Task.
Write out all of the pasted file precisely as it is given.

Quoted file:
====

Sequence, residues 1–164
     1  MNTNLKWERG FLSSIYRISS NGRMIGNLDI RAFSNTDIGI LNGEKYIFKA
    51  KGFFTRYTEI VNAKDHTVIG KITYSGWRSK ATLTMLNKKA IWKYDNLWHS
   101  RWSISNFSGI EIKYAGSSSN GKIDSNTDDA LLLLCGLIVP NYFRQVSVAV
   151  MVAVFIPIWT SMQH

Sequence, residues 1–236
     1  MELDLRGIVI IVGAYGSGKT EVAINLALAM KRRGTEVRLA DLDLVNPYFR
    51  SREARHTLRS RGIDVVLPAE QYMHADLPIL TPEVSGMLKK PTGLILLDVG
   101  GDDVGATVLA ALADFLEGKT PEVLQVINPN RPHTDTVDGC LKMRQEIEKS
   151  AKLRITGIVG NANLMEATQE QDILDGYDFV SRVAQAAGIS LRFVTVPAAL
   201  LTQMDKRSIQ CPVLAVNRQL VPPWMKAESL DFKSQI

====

Sequence, residues 1–164
     1  MNTNLKWERG FLSSIYRISS NGRMIGNLDI RAFSNTDIGI LNGEKYIFKA
    51  KGFFTRYTEI VNAKDHTVIG KITYSGWRSK ATLTMLNKKA IWKYDNLWHS
   101  RWSISNFSGI EIKYAGSSSN GKIDSNTDDA LLLLCGLIVP NYFRQVSVAV
   151  MVAVFIPIWT SMQH

Sequence, residues 1–236
     1  MELDLRGIVI IVGAYGSGKT EVAINLALAM KRRGTEVRLA DLDLVNPYFR
    51  SREARHTLRS RGIDVVLPAE QYMHADLPIL TPEVSGMLKK PTGLILLDVG
   101  GDDVGATVLA ALADFLEGKT PEVLQVINPN RPHTDTVDGC LKMRQEIEKS
   151  AKLRITGIVG NANLMEATQE QDILDGYDFV SRVAQAAGIS LRFVTVPAAL
   201  LTQMDKRSIQ CPVLAVNRQL VPPWMKAESL DFKSQI